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Open source software at centralized servers?

by Michael Nielsen on October 5, 2007

Does anyone know of examples of open source software projects which are developing software that is run on large centralized servers? I can think of one example off the top of my head – Second Life – but can’t think of any others.

(I am, of course, asking for a reason – I’m interested in whether open source might be a viable development model for tools for scientific collaboration and publication.)

My impression at the moment is that there are few centralized web services which are open source. I can think of a couple of natural reasons why this might be the case.

First are security issues. In any software development one needs to be sure the programmers are honest, and not slipping back doors into the code, or making unethical use of the database. This is potentially harder to control in an open source software project.

Second, although the software may in some sense be owned by the wider community, it does not necessarily follow that the server is owned by the wider community. The group that owns the servers has a much greater incentive to contribute, and other people less so, which lessens the advantages to be had by open sourcing the project.

Are there any reasons I’m missing? Centralized services other than Second Life which are open source?

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19 Comments
  1. Ben permalink

    Can you be more clear about what you mean by “centralized web service”? There’s a lot of open source software for running such services: Apache, phpBB, version control software, content management software, etc.

    Or maybe you mean that you’re looking for an example of a particular web site that has opened up its entire server code? This seems less useful–better to modularize the code running the site and release the tools individually.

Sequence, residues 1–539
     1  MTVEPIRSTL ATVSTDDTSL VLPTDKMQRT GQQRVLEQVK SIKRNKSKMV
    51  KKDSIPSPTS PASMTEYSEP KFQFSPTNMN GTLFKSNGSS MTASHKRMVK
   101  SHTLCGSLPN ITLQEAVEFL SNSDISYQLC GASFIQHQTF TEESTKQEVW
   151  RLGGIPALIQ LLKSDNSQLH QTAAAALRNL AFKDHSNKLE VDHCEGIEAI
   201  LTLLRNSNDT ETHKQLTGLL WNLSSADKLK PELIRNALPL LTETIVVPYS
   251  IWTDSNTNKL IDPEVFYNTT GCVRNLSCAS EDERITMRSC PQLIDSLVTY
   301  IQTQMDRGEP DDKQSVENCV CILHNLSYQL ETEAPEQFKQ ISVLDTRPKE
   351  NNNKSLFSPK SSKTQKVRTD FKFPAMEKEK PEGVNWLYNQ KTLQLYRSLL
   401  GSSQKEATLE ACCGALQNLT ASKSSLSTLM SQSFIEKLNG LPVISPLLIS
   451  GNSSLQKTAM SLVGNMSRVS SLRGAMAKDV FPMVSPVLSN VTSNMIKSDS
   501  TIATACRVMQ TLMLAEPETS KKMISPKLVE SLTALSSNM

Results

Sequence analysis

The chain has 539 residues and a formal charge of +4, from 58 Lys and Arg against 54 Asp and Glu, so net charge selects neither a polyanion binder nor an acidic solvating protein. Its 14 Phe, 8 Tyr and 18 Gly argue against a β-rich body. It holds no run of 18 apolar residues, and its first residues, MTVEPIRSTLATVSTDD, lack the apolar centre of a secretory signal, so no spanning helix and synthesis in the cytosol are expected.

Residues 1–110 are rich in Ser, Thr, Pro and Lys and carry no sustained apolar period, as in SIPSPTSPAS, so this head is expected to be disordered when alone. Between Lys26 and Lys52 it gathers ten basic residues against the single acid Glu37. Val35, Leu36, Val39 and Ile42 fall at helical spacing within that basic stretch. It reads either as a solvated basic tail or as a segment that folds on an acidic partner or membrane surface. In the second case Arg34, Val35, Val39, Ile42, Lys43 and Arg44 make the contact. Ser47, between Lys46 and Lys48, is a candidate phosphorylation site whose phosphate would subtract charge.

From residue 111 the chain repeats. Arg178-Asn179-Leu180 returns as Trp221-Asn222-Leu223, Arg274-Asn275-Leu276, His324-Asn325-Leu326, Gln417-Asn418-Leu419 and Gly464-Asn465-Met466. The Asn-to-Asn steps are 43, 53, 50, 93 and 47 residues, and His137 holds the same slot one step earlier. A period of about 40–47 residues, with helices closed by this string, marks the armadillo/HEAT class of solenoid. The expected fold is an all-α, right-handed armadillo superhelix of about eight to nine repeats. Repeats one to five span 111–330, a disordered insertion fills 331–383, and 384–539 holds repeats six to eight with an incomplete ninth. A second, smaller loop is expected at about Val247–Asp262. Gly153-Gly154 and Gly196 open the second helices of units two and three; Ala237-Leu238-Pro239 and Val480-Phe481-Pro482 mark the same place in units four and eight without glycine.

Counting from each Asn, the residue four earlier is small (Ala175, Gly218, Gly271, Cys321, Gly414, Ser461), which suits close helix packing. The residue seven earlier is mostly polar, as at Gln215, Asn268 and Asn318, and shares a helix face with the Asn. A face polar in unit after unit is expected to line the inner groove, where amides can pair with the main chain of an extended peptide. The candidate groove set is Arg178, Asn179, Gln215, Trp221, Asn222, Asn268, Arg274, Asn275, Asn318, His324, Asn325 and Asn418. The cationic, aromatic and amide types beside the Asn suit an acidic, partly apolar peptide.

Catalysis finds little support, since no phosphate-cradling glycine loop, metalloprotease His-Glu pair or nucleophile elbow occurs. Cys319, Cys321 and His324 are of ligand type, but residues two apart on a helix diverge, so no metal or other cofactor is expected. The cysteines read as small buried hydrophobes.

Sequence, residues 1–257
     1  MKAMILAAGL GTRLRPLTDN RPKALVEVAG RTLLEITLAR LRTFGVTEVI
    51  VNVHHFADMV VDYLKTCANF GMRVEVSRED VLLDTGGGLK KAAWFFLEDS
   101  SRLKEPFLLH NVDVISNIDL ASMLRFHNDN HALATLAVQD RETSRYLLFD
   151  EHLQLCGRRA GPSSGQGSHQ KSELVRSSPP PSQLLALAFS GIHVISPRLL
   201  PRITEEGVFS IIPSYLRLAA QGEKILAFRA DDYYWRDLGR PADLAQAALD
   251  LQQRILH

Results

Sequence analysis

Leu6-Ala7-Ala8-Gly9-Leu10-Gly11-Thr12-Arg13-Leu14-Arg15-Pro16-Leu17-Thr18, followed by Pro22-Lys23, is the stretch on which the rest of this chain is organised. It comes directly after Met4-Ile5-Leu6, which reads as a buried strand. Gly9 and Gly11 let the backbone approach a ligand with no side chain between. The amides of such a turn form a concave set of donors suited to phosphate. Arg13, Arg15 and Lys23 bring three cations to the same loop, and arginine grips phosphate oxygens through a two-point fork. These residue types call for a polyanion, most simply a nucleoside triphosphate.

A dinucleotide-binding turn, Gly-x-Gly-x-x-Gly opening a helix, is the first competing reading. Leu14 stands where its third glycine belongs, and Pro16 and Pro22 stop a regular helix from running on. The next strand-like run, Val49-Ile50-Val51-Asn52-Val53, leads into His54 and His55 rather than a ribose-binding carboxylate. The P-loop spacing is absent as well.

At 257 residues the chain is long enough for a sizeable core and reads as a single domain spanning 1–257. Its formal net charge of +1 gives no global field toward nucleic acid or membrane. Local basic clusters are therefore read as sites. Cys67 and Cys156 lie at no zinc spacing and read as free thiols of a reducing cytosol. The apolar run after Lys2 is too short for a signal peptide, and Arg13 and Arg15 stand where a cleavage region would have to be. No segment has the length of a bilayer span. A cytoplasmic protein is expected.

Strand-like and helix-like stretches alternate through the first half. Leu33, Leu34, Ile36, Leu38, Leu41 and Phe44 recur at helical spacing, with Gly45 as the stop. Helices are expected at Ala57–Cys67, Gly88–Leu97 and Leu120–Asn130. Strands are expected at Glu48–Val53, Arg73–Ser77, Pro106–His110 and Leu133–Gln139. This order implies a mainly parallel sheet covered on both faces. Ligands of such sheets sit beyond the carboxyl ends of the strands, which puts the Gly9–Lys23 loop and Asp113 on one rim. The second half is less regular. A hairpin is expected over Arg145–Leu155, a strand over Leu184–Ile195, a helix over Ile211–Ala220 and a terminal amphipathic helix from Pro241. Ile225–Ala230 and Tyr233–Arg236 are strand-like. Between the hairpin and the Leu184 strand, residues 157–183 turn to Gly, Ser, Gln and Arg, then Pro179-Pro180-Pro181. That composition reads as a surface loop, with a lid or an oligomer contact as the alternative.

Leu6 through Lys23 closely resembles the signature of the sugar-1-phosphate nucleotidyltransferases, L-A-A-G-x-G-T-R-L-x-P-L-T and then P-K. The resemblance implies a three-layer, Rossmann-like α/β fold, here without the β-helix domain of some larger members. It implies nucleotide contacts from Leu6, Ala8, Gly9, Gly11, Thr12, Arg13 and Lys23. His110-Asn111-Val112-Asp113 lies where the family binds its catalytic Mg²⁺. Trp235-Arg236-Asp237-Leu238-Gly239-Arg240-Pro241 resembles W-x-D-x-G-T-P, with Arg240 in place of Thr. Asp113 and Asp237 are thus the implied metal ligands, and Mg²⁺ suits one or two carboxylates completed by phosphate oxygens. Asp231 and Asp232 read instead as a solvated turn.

Also, not an important point, but why hasn’t someone started up a Third Life server with a better Linden/dollar exchange rate and undermined Second Life’s business?

  2. On the security issue, have I misunderstood something?

    I should have that that open source would be more secure than closed source for the same reason that bugs are corrected more quickly – the code is available for anyone to read. (“Given enough eyeballs, all bugs are shallow.”) While anyone can modify the code for his own purposes, it is still up to the owner of the project to decide whether to accept or reject the contributions as part of the ‘official’ project.

  3. That quote in parentheses should be a link. Here it is:
    http://en.wikipedia.org/wiki/Linus's_Law

  4. WordPress is open source blogging software (as you are certainly aware). WordPress.com is a hosted service built on that open source software. MediaWiki/Wikipedia is another such example.

    Those aren’t quite the sort of examples you’re looking for since it seems you want an example of open source software that is only run on centralized servers. I’m not sure why that requirement matters in the end, though. The software was written to do a specific task. Both Wikipedia and smaller, “single server” wikis provide the “physical” resources for that task. They do so at different scales and with different intents, yes, but that just shows the flexibility and widespread adoption of the software, not that it’s any better or worse at accomplishing the task.

    I also disagree with your specific concern about security. I don’t see the backdoor risk as any higher in OSS than in non open source software.

    Take WordPress again as an example. Just because anyone can see and use the code, doesn’t mean that anyone can alter the core code that WordPress offers for download. Anyone can submit patches, but those patches are reviewed by a relatively small group of core developers who have worked on the project for some time and have proven their skills and trust.

    That’s one way to manage contributors and contributions. I’m sure there are others.